the myIT blog

Is Android up to taking on the desktop handset?

We install a lot of sip based handsets. Mostly Polycom because they seem the most "sip compliant" and the price point is OK compared to the more proprietary SIP handsets. When Polycom introduced the vvx500 model a few weeks back, they alluded to be able to dock a smartphone, and extend your desktop onto the vvx's touchscreen (scroll that mouse a little further, though you might need a mousepad upgrade).

The details were sparse, and noone has seen them in warehouses, meaning the product is not shipping when they said it would. That's OK. It distrubed us that it had some central features that were platfrom specific to the Microsoft Exchange messaging platform.

What I am waiting for is for a hardware vendor to pickup where Android 4.0 is leading us. It has a sip stack built into the OS. At some point the desktop handset COULD be the smartphone you carry around, and simply docks/charges and drives a bigger screen if desired. Other pre 4.0 android devices do this now (Atrix, Bionic). When it is docked it could invoke applications (turn 3g/4g off and forward your cell calls to the office number, and reverting that when not docked) , and use an embedded Ethernet in the dock itself. So the dock has an associated application. It might also have a standard handset/headset, keypad like any other phone. My wife's phone does this a lot of this with her Bluetooth enabled minivan.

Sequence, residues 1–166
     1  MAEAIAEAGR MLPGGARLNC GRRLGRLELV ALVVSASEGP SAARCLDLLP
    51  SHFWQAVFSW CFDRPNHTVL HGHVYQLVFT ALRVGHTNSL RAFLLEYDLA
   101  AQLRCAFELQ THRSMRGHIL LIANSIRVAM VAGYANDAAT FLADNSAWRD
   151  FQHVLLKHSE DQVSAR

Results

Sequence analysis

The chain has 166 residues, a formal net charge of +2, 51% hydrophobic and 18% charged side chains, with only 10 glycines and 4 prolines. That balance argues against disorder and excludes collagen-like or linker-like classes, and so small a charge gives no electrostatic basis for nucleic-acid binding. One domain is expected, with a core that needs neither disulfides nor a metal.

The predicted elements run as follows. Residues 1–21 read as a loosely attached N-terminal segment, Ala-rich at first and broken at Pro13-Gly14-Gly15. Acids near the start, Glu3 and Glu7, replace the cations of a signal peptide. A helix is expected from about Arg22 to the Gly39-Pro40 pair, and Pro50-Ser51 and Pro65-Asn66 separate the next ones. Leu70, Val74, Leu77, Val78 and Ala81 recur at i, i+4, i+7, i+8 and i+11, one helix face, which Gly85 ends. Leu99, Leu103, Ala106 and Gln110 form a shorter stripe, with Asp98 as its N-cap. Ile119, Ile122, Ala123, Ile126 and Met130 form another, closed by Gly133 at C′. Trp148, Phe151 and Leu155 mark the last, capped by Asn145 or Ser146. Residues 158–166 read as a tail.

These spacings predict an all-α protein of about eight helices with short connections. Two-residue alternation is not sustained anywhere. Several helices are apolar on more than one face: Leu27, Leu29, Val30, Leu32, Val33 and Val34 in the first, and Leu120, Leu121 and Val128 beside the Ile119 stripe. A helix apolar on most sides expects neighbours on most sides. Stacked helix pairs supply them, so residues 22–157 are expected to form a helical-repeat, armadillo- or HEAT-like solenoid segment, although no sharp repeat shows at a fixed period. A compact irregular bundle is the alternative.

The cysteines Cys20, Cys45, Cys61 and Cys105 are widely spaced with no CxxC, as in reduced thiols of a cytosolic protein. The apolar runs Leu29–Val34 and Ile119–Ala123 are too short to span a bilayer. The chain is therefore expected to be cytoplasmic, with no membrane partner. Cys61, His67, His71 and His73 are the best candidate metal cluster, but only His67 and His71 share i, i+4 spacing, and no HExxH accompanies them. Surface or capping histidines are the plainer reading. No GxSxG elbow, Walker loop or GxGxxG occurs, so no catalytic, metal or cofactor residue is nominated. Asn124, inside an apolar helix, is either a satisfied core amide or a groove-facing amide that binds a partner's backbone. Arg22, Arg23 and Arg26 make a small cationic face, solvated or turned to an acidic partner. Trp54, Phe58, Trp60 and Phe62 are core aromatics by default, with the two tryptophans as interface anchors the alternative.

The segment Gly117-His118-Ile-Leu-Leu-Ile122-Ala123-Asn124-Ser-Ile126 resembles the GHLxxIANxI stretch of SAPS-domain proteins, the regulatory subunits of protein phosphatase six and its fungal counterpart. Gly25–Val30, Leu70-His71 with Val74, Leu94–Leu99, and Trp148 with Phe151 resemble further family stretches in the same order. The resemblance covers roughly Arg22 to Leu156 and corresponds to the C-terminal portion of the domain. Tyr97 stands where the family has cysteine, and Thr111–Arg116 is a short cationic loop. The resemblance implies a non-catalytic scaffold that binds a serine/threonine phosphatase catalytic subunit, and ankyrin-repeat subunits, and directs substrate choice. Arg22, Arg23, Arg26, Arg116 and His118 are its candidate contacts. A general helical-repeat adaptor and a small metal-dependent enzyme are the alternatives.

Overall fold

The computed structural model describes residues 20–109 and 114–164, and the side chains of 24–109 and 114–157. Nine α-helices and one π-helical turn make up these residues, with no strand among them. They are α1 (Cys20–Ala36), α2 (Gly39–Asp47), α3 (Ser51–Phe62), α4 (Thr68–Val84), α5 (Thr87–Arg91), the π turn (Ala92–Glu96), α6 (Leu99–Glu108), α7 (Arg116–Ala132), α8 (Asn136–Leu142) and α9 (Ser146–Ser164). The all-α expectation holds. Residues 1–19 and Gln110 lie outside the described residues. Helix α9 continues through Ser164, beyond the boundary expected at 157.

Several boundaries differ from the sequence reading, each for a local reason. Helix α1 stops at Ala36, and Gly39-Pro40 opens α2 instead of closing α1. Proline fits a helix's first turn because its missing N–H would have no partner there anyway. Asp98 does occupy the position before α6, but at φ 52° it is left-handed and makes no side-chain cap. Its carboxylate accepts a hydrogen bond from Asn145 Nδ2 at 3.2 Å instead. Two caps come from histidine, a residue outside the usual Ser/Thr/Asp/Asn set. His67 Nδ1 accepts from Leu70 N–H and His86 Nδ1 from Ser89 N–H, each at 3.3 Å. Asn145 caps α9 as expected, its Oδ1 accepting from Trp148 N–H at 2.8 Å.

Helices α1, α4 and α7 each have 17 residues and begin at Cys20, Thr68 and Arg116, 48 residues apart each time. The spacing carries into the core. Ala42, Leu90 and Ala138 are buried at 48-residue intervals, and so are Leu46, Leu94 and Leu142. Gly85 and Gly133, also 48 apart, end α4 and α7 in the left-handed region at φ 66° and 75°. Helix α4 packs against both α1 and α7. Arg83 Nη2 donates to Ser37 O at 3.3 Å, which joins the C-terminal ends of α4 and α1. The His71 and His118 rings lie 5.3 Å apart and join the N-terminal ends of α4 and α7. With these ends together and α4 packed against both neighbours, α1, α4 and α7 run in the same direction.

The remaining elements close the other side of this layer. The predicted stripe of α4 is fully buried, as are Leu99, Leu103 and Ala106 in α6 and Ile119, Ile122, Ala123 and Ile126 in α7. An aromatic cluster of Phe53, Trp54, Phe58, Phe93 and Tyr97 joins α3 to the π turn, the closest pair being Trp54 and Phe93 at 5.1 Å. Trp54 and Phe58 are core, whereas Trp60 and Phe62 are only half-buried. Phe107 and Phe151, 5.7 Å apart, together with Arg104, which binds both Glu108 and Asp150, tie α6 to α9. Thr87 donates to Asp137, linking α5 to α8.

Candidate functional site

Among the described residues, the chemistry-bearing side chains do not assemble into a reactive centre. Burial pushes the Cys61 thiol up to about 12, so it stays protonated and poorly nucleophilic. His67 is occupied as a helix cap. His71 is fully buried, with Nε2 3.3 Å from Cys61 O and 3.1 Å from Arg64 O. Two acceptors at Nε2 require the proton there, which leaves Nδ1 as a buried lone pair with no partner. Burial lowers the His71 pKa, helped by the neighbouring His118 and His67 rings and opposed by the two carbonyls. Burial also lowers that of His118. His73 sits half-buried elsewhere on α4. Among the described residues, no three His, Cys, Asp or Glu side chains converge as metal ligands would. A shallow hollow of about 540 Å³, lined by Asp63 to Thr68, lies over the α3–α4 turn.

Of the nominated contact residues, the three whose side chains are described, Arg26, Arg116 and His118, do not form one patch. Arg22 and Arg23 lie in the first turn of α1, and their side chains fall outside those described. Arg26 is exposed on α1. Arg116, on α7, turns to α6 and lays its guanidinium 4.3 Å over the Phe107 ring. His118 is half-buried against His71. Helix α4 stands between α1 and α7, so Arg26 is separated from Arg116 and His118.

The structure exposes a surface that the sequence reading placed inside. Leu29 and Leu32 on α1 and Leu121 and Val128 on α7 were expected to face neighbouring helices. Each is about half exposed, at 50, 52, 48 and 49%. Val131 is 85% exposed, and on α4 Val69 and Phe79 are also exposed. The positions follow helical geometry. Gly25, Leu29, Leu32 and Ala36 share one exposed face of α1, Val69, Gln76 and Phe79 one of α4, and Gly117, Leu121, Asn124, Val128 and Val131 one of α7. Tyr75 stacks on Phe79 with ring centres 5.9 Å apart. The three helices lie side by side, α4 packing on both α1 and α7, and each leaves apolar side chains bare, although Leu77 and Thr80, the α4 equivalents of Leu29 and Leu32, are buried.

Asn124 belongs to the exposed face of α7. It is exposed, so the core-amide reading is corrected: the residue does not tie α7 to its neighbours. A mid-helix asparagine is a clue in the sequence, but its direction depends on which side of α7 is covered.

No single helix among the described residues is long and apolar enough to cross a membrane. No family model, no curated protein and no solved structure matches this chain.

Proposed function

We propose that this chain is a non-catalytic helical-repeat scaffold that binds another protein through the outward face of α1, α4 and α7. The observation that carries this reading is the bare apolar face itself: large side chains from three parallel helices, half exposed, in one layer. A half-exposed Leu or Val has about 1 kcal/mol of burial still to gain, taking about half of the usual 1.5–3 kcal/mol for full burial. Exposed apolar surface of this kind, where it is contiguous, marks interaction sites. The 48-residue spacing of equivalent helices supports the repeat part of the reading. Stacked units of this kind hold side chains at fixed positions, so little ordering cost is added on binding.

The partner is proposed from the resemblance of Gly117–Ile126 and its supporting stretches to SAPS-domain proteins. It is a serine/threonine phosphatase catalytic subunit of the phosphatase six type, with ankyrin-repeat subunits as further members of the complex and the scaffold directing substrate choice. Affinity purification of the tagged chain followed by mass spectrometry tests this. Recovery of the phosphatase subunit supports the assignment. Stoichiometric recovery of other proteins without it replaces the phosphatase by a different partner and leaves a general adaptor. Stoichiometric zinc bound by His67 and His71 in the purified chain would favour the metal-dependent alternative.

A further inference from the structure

I don't think it's imminent, but when Android 4.0 get polished and the sip stack matures a bit, you could easily have a contender for the desktop phone replacement in the SIP world. At the same time, I don't see why a hardware manufacturer doesn't start making a replacement desktop only phone for SIP using Android. We think it's up to it.  It would be awesome handy for firms using Google Apps and have a sip infrastructure in place already. Clearly it could handle the Video (h.263/h.264) if the hardware specs were worthy too.





Panasonic introduces 7" android handset.

Now when the sip stack becomes more embedded into the OS to handle more functionaity (NAT/ICE/TURN, etc.) or also offers a VPN client... clearly this is going to go somewhere.